Wednesday, April 21, 2010

The Cat is out of the Bag

You order a lot more food and drinks and leave sooner, that's the secret to running a noisy restaurant. New discovery reveals that in a noisy restaurant you order more drinks and also leave once your food gets eaten. Here is the story

In the mid-1980s, researchers at Fairfield University demonstrated that people increased their rate of chewing by almost a third when listening to faster, louder music, accelerating from 3.83 bites a minute to 4.4 bites a minute. Stoked with data of this nature, chain restaurants, such as Dick Clark’s American Bandstand Grill, developed computerized sound systems that were preset to raise the tempo and volume of music at hours of the day when corporate wanted to turn tables.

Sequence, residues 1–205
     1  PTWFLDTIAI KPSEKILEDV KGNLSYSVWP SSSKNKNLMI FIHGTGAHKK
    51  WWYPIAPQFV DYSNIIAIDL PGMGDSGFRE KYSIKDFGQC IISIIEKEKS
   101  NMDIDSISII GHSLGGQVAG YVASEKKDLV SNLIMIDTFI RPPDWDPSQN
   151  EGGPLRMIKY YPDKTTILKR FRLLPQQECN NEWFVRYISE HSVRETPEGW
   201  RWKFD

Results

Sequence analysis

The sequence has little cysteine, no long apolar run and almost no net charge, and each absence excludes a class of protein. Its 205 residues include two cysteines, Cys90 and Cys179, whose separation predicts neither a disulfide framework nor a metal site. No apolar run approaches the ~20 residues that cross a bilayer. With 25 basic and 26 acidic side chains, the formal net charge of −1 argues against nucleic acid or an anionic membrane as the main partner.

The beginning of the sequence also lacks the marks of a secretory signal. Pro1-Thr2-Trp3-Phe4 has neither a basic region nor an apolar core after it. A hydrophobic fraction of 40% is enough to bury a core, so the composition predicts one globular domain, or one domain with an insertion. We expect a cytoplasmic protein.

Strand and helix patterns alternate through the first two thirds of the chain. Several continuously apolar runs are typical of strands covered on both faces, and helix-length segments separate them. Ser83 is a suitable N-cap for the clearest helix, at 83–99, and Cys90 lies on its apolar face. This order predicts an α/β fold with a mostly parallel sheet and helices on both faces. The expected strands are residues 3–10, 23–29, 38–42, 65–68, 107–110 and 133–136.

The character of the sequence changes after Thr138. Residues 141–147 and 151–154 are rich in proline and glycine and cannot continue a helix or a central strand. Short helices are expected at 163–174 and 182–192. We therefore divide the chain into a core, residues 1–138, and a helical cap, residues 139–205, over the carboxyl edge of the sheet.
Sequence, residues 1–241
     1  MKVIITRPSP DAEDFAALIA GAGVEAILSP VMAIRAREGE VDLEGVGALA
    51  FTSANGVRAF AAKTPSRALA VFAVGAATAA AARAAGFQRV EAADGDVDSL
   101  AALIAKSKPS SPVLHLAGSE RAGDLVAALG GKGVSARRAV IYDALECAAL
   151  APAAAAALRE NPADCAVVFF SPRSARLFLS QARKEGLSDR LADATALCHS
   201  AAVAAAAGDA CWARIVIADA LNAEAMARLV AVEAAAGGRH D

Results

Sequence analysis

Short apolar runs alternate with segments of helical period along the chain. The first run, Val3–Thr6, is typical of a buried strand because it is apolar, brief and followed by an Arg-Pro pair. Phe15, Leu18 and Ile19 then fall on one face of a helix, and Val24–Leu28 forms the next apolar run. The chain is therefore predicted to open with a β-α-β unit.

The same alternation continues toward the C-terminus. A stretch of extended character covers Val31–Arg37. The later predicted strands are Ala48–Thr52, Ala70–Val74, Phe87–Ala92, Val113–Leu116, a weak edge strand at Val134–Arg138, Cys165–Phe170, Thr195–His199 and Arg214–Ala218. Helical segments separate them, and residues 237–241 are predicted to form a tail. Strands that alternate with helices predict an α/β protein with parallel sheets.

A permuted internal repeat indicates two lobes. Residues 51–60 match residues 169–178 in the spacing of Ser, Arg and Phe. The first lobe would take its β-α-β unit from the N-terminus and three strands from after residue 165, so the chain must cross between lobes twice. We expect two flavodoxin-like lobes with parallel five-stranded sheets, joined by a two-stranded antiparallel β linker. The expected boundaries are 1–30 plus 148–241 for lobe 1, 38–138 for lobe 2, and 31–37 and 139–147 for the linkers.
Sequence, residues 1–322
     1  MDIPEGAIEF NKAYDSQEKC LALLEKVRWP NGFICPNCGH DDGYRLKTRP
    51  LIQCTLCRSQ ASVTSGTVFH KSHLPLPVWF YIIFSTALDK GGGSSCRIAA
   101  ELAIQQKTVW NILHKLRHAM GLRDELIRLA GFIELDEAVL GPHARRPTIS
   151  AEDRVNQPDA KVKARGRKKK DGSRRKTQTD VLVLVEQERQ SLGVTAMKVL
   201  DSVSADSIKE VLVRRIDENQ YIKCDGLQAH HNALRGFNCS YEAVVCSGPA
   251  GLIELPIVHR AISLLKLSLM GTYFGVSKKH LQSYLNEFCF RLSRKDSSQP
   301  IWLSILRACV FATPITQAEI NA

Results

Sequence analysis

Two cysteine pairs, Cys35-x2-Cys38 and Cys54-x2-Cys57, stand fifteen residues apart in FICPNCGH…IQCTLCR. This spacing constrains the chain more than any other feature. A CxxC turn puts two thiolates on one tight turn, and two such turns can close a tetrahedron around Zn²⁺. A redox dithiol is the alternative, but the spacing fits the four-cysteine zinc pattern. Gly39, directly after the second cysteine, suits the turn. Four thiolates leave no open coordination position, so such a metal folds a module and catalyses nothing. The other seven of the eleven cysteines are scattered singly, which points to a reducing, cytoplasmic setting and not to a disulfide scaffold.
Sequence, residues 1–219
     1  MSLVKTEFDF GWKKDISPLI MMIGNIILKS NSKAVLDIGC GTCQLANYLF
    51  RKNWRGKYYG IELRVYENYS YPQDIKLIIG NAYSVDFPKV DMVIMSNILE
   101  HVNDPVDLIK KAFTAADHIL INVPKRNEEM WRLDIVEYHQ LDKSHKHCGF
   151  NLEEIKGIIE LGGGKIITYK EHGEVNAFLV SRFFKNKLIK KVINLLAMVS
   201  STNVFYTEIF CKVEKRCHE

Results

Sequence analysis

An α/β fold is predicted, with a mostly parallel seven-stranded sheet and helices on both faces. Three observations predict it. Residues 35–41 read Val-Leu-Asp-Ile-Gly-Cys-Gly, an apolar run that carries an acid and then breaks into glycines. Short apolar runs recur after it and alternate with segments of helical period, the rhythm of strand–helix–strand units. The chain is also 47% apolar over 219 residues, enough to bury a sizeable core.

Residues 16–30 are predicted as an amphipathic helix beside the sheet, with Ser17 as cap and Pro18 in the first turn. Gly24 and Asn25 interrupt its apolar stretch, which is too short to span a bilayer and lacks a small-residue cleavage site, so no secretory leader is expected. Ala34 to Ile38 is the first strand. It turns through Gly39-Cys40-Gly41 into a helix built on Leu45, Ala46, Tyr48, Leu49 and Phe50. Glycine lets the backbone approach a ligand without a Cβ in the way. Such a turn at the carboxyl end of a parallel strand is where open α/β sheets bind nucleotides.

And a study completed in the summer of 2008 in France found that when music was played at 72 decibels, men consumed an average of 2.6 drinks at a rate of one drink per 14.51 minutes. When the sound level was cranked up to 88 decibels, the numbers spiked to an average of 3.4 drinks, with one consumed every 11.47 minutes. Reasons for this acceleration may include an increase in ambient energy, and a consequent increase of difficulty in talking, which makes it easier to just signal the bartender for a refill than to engage in conversation. It may also be explained by actual changes in brain chemistry.




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